Can a Private LTE Solve Industrial IoT Network Woes?

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Qualcomm and Nokia will collaborate on a private LTE network for industrial IoT projects using GE’s Predix IoT platform.

Connectivity for industrial Internet of Things (IIoT) projects has long been a concern. Does one rely on hardwired connections that are fast but cost more and create more points of failure, or does one use one of the many wireless options, from traditional wireless SIMs to LPWA to mesh? It’s not easy for businesses to put all their cards in a single solution for an IoT network, particularly in light of concerns about power use, transmission distances, and security.

A new partnership between GE Digital, Nokia, and Qualcomm Technologies, Inc., hopes to solve these issues with a new private LTE network for IIoT. This new platform combines technologies from all three providers to create a standalone LTE network option that could serve both devices and users in industrial settings, particularly in remote locations or at temporary sites.

Qualcomm is providing the wireless technology and device chipsets, while Nokia will provide the base station infrastructure. Nokia is also going to provide its Nokia Digital Automation Cloud service that allows the LTE network to be run on-demand and privately. GE is not supplying any hardware, but is rather integrating the new network into its Predix platform.

Michael Wallace, the senior vice president and general manager of emerging business at Qualcomm Technologies, Inc., said, “With this collaboration, we are providing companies in the Industrial IoT space the ability to leverage the core advantages of LTE including full mobility, high data rates and coverage, predictable latency, quality of service and ease of deployment.”

The LTE+IIoT promise

One advantage of LTE in the IIoT space is that private LTE-based networks can operate in shared, unlicensed, and dedicated-licensed spectrum. This degree of flexibility helps more companies operate the way they need to based on complexities around location and implementation. Right now, this partnership is using LTE-TDD in the U.S., operating on the 3.5 GHz shared spectrum band known as the Citizens Broadband Radio Service.

If companies want to take advantage of the MulteFire LTE deployment—which is the result of a previous Qualcomm and Nokia partnership—they will also be able to use unlicensed spectrum bands for their private LTE networks. This means taking advantage of the 5 GHz band that’s available globally.

Wireless IoT deployments—whether based on LTE or another technology, like low-power, wide-area (LPWA) wireless—could open up new possibilities for analytics at the edge, whether that’s a remote power transformer or an entire oil rig that’s far from human attention. Companies want to be able to take this information and perform real-time analytics to make better decisions about how to operate their facilities.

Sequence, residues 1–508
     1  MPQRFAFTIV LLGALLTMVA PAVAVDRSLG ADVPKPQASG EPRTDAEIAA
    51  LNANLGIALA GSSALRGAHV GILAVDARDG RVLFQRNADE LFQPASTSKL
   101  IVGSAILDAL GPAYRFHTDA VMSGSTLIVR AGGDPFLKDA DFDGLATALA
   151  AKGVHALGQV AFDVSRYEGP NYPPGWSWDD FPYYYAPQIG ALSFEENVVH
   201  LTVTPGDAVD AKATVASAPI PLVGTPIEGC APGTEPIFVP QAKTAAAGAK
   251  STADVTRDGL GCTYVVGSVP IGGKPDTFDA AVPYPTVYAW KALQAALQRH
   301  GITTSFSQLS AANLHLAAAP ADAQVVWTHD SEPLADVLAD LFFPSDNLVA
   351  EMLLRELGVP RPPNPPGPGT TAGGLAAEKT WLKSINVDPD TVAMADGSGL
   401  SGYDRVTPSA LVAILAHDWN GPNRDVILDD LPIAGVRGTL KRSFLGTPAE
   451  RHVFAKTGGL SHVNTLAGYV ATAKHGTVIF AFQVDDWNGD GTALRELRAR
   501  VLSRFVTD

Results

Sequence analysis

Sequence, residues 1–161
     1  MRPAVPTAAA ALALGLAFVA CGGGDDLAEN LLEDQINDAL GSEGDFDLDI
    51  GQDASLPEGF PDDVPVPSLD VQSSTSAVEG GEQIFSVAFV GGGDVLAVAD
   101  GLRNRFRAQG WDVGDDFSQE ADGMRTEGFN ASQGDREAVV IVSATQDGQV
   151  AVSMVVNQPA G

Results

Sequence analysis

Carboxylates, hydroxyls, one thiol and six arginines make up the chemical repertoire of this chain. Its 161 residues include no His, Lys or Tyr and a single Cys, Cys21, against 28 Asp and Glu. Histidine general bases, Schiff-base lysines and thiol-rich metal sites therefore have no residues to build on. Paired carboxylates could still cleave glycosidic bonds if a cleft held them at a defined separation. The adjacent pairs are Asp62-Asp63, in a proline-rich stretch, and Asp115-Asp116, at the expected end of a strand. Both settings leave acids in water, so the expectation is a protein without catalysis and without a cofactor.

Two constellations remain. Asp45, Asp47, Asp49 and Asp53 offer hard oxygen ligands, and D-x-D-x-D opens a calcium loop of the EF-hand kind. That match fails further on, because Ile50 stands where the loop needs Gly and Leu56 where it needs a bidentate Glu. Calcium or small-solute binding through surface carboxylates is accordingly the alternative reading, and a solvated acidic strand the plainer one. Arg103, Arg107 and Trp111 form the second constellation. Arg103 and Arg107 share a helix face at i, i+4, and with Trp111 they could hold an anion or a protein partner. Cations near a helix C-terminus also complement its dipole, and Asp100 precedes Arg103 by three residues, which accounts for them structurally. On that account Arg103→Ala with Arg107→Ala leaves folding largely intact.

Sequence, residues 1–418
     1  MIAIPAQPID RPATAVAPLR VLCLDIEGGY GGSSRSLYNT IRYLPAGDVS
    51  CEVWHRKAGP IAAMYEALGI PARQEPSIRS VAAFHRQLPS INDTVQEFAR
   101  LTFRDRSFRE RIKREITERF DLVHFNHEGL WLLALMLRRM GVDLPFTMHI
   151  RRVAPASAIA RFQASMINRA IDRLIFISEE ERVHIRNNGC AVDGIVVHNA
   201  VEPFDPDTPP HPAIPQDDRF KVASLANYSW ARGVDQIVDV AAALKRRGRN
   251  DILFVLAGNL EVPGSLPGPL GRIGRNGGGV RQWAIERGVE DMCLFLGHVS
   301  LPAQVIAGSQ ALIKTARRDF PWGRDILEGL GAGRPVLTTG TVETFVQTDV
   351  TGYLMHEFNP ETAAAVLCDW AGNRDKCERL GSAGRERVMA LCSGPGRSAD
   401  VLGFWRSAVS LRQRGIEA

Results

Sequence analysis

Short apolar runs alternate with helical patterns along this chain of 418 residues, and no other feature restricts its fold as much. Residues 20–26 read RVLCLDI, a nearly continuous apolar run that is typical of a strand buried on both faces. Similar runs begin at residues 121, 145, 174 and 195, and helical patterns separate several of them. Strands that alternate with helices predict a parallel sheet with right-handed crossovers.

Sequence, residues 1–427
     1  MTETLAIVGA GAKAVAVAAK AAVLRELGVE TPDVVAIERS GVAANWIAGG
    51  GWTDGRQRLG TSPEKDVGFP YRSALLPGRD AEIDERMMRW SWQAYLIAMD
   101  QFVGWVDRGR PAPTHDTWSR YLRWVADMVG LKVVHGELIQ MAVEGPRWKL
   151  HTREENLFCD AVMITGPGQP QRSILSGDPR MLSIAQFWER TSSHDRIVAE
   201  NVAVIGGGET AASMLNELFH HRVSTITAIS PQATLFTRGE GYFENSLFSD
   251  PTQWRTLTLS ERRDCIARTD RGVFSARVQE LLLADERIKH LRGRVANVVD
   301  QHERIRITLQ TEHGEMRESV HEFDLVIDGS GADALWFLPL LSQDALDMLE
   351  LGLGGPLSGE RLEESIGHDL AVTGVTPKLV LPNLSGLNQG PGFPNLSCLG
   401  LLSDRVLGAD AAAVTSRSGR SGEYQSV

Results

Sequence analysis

With the new prevalence of IoT devices using cellular connectivity, some worry about overloaded mobile connections. A private LTE network would mitigate these concerns, but it’s still important to raise concerns about throughput and potential spectrum overcrowding no matter the connectivity solution.

Other concerns with wireless IIoT tend to revolve around power delivery—if a company takes advantage of wireless connectivity for communication, does it make sense to still rely on wired power? Some argue if a company is going to wire power to every IoT device, they might as well hardwire connectivity as well. If there’s no wired power, electricity use becomes critical, as a battery will only last for so long, even if recharged with a small solar panel.

Going private on an IoT network

Aforementioned security concerns aside, it’s certainly possible for companies to use existing LTE networks for their IoT connectivity, but as with all devices exposed to the wider internet, there’s inherent security risks. A private LTE network enables the same capability while also delivering more options.

According to the partnership, these private LTE networks will give companies the ability to customize the network to accommodate specific needs, such as “optimizing for capacity, quality-of-service, or guaranteed latencies.” On top of that, companies can manage their own network and have a “strong roadmap to 5G.”

Of course, any roadmap to a wireless IIoT implementation that’s even halfway standardized across various industries is going to be laden with hiccups, diversions, and lots of companies opting to do things their way rather than implementing open standards. Even then, there’s optimism to be found in more industry partnerships that aim to simplify and solidify the inevitable wireless future of IIoT. Perhaps the future will involve less connectivity headaches for enterprise IoT deployments.

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Joel Hans

About Joel Hans

Joel Hans is the former managing editor of Manufacturing.net. He earned his master's degree from the University of Arizona, and currently lives and writes in Tucson.

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